In a chronic toxicity study (equivalent to OECD 453, Bayer AG., 1978) the test substance CAS 16470-24-9 was administered to 50 Wistar rats/sex/dose in diet at dose levels of 0, 100, 1000, 10000 ppm (10000 ppm = 709 mg/kg bw/day for females and 521 mg/kg bw/day for males) for 24 months. There were no compound related effects in mortality, clinical signs, body weight, food consumption, haematology, clinical chemistry, urinalysis, organ weights, or gross and histological pathology. Therefore, the NOAEL was determined for females at 709 mg/kg bw/day and for males at 521 mg/kg bw/day. This chronic study in the rat is acceptable and satisfies the guideline requirements for a chronic oral study OECD 453 in rats.

The same chronic study (Bayer AG., 1978) was also performed on the acid form of the disulphonated derivative (CAS 4404-43-7). Appearance, behaviour, feed intake, body weights and mortality were not influenced in male and female animals of doses up to and including 10000 ppm. The animals in the dose groups of 10000 ppm did not show during the entire experimental period any treatment-related symptoms. The growth of the rats was not affected until the dose of 10000 ppm. The haematological investigations performed during and at the end of the test showed no dose of injuries. The clinical chemical analysis, sections and histopathological examinations revealed no evidence for treatment-related damage to the liver. Urinalysis, urea and creatinine concentrations in serum as well as macroscopic and histopathological organ findings did not indicate any influence. NOAEL: 779 mg/kg bw/day (actual dose received) (female) NOAEL: 542 mg/kg bw/day (actual dose received) (male).

Further studies were reported in literature, performed directly on the substance CAS 13863-31-5: the repeated dose toxicity was tested in a non-GLP study in the rat (Industrial Bio-Test Laboratories, 1973; Keplinger et al., 1974; Lyman et al., 1975). Rats were fed with 40, 200 and 1000 ppm in the diet (approximately 2, 8 and 40 mg/kg bw/day) for 2 years. The NOAEL was the highest dose tested. Additional repeated dose studies in the rat and dog were conducted by Industrial Bio-Test Laboratories and are not considered to be valid to assess the endpoint. Several studies for CAS 13863-31-5 and CAS 16090-02-1 were performed by Industrial Bio-Test Laboratories, which was closed down in 1978 after a routine inspection by the FDA in 1976 uncovered gross deficiencies in study conduct and recordkeeping. None of the studies have been subjected to an external audit. However, as a weight of evidence, they confirm the non toxic behaviour of the substance in long term studies at high concentrations and the similar outcome between the category members. Both the substance CAS 13863-31-5 and CAS 16090-02-1 were fed to rats and dog for 90 days at 10000 ppm (262 and 310 mg/Kg bw) with no adverse effects upon body weights, food consumption, survival and reactions, clinical parameters or gross and microscopic pathologic findings.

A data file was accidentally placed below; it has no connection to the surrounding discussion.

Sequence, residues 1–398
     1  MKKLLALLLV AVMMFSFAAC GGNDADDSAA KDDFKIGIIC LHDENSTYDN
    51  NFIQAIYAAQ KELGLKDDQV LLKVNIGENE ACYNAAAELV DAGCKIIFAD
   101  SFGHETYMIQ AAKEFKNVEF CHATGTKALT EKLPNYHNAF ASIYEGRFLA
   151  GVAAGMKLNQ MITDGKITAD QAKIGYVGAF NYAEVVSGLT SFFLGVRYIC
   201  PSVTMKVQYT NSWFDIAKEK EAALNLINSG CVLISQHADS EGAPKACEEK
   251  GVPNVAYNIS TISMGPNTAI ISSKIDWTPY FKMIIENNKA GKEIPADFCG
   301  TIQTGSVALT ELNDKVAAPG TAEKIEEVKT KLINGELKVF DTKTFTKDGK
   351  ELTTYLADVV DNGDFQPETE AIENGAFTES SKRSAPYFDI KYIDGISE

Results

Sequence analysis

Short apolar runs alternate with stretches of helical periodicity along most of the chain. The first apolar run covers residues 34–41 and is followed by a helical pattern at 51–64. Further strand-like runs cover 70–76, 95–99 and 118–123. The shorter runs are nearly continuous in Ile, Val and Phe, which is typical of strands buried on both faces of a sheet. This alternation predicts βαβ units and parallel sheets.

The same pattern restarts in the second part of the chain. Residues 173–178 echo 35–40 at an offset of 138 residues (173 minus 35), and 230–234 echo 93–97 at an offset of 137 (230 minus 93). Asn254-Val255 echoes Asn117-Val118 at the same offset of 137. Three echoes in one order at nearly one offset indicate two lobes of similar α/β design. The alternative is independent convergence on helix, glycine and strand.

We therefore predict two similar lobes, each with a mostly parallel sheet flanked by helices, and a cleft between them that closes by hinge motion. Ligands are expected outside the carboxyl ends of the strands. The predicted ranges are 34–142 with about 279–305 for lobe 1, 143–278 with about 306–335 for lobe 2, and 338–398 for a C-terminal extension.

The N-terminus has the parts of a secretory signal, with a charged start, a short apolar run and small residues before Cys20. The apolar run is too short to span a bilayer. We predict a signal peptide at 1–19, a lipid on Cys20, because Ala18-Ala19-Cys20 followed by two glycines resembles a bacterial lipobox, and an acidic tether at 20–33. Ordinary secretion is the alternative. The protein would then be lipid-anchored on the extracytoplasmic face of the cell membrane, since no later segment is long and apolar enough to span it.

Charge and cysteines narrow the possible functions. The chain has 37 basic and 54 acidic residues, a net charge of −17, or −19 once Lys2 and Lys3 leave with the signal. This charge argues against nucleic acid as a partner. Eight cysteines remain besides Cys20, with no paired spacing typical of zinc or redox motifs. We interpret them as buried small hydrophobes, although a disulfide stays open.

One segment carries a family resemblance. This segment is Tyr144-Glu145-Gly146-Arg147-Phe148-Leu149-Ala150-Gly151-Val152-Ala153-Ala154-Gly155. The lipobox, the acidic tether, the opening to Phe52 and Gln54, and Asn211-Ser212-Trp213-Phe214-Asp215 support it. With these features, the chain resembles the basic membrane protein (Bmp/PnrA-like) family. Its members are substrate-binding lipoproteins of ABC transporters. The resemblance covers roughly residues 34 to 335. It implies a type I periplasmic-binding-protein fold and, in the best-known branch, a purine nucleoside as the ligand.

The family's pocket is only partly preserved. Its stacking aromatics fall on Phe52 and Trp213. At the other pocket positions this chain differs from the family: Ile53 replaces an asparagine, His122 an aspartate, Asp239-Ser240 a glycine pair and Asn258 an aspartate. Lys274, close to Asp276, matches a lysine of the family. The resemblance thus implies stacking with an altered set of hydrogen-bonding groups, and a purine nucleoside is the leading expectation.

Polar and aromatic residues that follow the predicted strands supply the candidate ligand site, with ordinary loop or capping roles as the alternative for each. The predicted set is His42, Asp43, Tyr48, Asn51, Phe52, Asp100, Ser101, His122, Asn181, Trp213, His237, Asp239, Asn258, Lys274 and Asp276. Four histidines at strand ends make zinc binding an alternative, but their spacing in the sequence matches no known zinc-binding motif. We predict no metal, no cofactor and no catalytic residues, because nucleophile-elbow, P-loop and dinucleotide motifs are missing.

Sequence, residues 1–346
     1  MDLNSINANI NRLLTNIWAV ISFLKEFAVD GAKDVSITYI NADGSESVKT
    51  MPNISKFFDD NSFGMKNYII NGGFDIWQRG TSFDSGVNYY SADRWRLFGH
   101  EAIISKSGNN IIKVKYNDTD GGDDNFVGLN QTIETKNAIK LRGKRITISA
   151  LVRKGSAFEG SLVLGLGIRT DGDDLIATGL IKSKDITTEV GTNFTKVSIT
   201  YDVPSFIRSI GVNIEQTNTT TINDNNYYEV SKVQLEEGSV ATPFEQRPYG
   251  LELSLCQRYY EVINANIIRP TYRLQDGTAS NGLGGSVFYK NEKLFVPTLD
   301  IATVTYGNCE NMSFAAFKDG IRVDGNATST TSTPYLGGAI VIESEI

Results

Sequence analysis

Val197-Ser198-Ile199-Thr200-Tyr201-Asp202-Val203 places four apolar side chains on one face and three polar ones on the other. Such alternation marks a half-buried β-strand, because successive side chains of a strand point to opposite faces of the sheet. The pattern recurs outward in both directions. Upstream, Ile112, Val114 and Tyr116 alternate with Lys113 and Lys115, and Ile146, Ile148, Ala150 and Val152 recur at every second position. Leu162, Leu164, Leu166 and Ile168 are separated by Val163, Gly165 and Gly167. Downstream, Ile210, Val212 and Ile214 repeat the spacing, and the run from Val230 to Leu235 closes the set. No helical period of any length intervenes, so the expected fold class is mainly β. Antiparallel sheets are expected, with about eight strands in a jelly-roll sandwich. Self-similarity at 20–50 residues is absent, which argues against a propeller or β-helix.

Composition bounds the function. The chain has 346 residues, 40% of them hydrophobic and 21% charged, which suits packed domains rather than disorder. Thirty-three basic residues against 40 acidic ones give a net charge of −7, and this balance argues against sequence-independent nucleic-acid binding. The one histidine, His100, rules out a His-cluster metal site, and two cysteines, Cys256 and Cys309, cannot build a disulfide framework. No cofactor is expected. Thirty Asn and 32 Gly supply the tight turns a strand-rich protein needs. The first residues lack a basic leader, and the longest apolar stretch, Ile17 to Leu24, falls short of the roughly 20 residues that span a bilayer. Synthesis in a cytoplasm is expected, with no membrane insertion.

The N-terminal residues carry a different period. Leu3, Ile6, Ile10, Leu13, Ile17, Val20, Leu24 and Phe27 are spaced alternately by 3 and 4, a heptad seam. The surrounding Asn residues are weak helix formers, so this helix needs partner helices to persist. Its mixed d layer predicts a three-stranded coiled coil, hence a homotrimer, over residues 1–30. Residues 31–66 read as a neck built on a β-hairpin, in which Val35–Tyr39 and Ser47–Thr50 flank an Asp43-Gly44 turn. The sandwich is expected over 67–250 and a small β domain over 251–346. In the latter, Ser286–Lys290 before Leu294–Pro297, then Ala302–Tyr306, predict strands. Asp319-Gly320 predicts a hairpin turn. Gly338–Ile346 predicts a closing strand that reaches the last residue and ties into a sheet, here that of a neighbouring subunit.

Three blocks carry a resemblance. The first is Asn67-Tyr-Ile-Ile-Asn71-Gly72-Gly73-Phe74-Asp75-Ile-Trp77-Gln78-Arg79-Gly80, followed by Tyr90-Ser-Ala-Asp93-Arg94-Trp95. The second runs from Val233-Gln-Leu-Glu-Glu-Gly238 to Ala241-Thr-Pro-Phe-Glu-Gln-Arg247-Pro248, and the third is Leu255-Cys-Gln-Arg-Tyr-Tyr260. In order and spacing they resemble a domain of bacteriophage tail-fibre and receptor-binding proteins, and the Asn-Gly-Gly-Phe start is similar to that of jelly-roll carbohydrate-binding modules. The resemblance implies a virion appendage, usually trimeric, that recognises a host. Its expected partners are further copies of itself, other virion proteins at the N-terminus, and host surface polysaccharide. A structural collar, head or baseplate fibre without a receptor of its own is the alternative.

Justification for selection of repeated dose toxicity via oral route - systemic effects endpoint:
Several studies were reported and evaluated. A two year study on the acid form of the dihydroxyethylamino disulphonated derivative substance has been considered as key and the related NOAEL selected for the Chemical Safety Assessment.

Justification for classification or non-classification

According to CLP Regulation (EC 1272/2008), 3.9 Specific target organ toxicity - repeated exposure section, substances are classified as specific target organ toxicants following repeated exposure by the use of expert judgement, on the basis of the weight of all evidence available, including the use of recommended guidance values which take into account the duration of exposure and the dose/concentration which produced the effect(s), and are placed in one of two categories, depending upon the nature and severity of the effect(s) observed.

Classification in Category 2 is applicable, when significant toxic effects observed in a 90-day repeated-dose study conducted in experimental animals are seen to occur within the guidance value ranges as:
- oral (rat): 10 < C ≤ 100 mg/kg bw/day

The guidance values refer to effects seen in a standard 90-day toxicity study conducted in rats. They can be used as a basis to extrapolate equivalent guidance values for toxicity studies of greater or lesser duration.

The No Observed Adverse Effect Level was established at 542 mg/kg bw/day, on the basis of the results from a chronic study of two years.


In conclusion, the available experimental data are adequate for classification and labelling purpose and the substance is not classified for repeated dose toxicity according to the CLP Regulation (EC 1272/2008).